The Sustainable Model Anticipates and Prepares for “Megaforces”

May 1st, 2012

All great businesses do two things well: capitalize opportunity and limit risk.  As we work to build sustainable businesses, educational institutions, and government entities, we often focus on the tactical best practices that save money, engage stakeholders, enhance efficiencies, and strengthen brand.  Underlying these strategies is the cardinal requirement for profitable and long-lasting success; anticipation.

In a recent white paper, KPMG explored “ten sustainability megaforces” in the natural and human ecosystems that increasingly impact long term opportunities and the cost of doing business.  The study, Expect the unexpected: Building business value in a changing world, reinforces the resource pressures, regulatory evolution, and increasing volatility challenges for the coming decades.  Most strikingly, KPMG’s research concludes that the external environmental costs of 11 key industry sectors increased 50% from $566 to $846 billion in the eight year period from 2002 to 2010.  This represents a doubling of these costs every 14 years.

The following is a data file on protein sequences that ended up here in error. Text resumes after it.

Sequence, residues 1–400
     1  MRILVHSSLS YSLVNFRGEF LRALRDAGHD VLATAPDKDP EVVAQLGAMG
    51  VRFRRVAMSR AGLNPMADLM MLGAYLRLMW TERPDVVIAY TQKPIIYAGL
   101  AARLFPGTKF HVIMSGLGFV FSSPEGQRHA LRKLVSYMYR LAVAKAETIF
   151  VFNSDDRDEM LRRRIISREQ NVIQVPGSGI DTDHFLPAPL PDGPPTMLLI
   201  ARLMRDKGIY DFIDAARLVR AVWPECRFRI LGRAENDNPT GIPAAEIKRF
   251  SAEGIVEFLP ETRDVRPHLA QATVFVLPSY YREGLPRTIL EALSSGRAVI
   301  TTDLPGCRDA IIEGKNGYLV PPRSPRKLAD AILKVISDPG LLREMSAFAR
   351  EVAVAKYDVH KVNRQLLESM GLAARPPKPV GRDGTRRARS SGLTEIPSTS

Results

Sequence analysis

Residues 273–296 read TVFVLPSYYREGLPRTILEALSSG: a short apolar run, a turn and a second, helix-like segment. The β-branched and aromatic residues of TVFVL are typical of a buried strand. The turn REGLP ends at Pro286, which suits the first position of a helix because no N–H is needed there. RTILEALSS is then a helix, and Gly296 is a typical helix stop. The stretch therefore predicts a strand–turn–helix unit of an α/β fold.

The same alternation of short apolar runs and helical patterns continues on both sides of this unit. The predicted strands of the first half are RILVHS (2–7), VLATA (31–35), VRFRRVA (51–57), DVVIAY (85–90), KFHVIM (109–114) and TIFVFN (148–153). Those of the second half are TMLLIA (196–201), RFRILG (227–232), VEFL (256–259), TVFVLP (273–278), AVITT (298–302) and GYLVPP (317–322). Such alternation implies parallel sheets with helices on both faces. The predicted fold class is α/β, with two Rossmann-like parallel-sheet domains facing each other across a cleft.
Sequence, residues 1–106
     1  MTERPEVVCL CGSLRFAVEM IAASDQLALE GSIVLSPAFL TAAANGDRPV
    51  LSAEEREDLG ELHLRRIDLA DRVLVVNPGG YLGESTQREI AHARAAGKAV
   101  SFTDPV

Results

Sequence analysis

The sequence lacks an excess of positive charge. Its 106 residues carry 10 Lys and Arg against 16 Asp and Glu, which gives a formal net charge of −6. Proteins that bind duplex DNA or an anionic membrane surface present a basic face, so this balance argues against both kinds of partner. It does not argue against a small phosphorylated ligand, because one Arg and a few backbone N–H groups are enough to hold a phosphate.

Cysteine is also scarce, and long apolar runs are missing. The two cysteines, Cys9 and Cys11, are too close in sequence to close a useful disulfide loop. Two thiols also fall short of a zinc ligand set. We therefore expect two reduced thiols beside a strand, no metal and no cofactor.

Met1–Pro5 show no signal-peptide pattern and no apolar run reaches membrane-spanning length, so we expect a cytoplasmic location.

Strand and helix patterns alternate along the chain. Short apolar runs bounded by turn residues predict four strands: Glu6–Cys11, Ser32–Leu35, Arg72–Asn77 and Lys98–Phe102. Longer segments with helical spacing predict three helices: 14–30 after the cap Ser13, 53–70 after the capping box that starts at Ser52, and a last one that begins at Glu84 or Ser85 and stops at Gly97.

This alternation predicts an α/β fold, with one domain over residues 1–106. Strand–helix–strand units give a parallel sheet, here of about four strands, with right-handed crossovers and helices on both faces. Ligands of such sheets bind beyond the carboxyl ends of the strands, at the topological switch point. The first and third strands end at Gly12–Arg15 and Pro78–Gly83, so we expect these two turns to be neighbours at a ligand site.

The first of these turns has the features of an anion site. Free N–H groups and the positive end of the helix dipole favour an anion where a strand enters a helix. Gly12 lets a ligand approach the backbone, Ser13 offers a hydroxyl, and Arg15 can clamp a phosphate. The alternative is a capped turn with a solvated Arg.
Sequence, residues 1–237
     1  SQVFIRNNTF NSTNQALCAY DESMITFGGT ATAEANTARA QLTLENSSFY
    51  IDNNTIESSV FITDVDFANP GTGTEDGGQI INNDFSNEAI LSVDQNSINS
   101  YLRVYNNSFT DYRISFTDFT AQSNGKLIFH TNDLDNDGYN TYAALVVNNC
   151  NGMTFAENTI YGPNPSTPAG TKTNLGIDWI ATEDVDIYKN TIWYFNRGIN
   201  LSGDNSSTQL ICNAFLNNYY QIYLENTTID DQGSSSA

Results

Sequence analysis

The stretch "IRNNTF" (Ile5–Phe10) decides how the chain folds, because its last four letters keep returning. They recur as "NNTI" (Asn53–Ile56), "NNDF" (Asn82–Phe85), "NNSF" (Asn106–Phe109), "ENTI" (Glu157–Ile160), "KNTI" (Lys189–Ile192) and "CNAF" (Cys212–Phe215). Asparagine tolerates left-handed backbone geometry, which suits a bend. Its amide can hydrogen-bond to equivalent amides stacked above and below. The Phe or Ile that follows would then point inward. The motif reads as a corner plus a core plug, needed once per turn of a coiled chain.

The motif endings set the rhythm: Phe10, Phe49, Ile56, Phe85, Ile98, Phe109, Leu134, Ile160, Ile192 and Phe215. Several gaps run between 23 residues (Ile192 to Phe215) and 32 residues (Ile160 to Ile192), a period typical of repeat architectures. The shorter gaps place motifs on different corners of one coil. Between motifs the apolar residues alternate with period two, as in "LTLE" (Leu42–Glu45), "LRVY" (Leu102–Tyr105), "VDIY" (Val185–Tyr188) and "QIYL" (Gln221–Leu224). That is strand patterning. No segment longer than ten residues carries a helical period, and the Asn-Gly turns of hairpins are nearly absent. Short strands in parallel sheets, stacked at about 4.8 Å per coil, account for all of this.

The ten megaforces described by KPMG are: climate change, energy and fuel, material resource scarcity, water scarcity, population growth, wealth, urbanization, food security, ecosystem decline, and deforestation.  Applying best practices in sustainable theory is a strategy that addresses short term goals for enhancing profitability, engagement, and brand equity.  It also is a best practice philosophy that directly contemplates and anticipates the megaforces identified by KPMG, and allows its adherents to identify opportunities and reduce risk in an increasingly volatile and complex world.